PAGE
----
In addition to place and time, biographical articles should include, if known, the date of birth and death as precise as recorded, the person's occupation, and whose forces he/she belonged to. Alternate names (e.g. courtesy names, art names, pseudonyms), Chinese characters, and pronunciations can be in the first sentence if the article has no infobox.
Please note that the Gregorian calendar did not exist before 1582. Saying the same date "in the Julian and the proleptic Gregorian calendars" is okay only from 1 March 200 to 28 February 300. Otherwise, use the Julian calendar as the historically correct Western calendar at that time when converting Chinese calendar.
  • Life
Based entirely on reliable sources on history. Do not include fictional elements except to clarify minor deficiencies from history that are often confused as history. (e.g. "While the novel Romance of the Three Kingdoms mentioned [...], in reality [...] happened.") Can consist of several subsections (such subsections would have headings like "Early life", "Career", "Death", etc)
  • Family
The family members of the person. Presenting the information in the form of a list is acceptable, but prose is preferred.
  • Appointments and titles
The appointments and titles held by the person, presented in the form of a list. This section is optional and may be included in articles which are still in the developing stage. For more developed articles, this section may be omitted since the appointments and titles are already covered in the main text.
  • In fiction
Describe major deficiencies from history only. Do not retell the person's story according to Romance of the Three Kingdoms and other works of fiction.
  • Legacy / Worship / Mythology
Describe lasting legacies and/or myths that the person is remembered/worshipped for. Describe major places of worship and the person's place in religion. (See Guan Yu for example) Depending on the subject, it may be desirable to have more than one section for this information.
  • Cultural references
Depictions in Chinese opera or popular culture. Be brief and keep in mind WP:TRIVIA.

For historical eventsEdit

  • Lead section
The lead section should state the entities involved (eg. "The Battle of Guandu was fought between the forces of Cao Cao and Yuan Shao"). Include the Chinese name (in Chinese characters) after the article name. Briefly gloss over the cause and effects of the event. Include relevant infoboxes (eg. {{Infobox Military Conflict}} for military conflicts.)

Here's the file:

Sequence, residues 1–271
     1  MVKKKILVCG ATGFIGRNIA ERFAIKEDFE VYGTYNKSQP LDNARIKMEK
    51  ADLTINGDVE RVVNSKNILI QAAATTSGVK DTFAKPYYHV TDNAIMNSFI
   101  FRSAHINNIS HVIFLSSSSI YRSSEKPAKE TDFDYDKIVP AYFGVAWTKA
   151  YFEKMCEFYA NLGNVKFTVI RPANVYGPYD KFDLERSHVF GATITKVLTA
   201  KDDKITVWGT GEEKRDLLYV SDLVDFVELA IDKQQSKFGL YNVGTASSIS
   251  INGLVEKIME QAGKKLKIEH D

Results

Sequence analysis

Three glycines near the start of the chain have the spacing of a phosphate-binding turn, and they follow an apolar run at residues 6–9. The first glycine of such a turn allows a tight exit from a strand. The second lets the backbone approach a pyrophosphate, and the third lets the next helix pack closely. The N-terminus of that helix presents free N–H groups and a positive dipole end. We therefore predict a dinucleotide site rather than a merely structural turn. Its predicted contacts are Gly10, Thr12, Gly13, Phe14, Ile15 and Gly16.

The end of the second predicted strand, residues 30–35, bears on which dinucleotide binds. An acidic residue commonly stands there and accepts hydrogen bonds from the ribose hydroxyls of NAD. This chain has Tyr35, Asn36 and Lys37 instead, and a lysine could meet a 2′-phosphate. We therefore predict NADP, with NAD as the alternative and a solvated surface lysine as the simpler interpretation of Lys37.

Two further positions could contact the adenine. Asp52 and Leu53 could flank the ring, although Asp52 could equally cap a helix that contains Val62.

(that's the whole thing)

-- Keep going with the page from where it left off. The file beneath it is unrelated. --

• Background
Explain the lead up to the event. Give a general picture of the forces and the motivations involved.
  • The course of events
Divided into sections as needed, with suitable heading names (e.g. "Battle", "Prelude", "Suppressing the rebellion", etc.)
  • Aftermath
The immediate aftermath. May be merged with the legacy and analysis section.
  • Legacy
Long-lasting effects, why and for what the event is remembered. May be merged with the aftermath and analysis section.
  • Analysis
Scholarly analysis of the event: what went wrong, etc. Use scholarly sources, no original research. May be merged with the above two sections.
  • In fiction / Cultural references
Briefly describe how the event is portrayed in Romance of the Three Kingdoms, correct popular misconceptions about the historical event if any. Describe references in folklore, poetry, opera, popular culture. Be brief about popular culture and keep in mind WP:TRIVIA.

Content and styleEdit


Policy requires that articles reference only reliable sources; however, this is a minimal condition, rather than a final goal. Articles on the Three Kingdoms period should aim to be based primarily on published secondary works by reputable historians. The use of high quality primary sources is also appropriate, but care should be taken to use them correctly, without straying into original research. Editors are encouraged to extensively survey the available literature — and, in particular, any available historiographical commentary — regarding an article's topic in order to identify every source considered to be authoritative or significant; these sources should, if possible, be directly consulted when writing the article.

IMPORTANT: DO NOT use the novel Romance of the Three Kingdoms and its derivatives, video games such as Dynasty Warriors, and any other work of fiction, as sources for history! They can only be used when you are writing about the novel's events (i.e. under sections titled "In fiction", "Cultural legacy", or variations thereof), which may differ widely from actual history.

Popular cultureEdit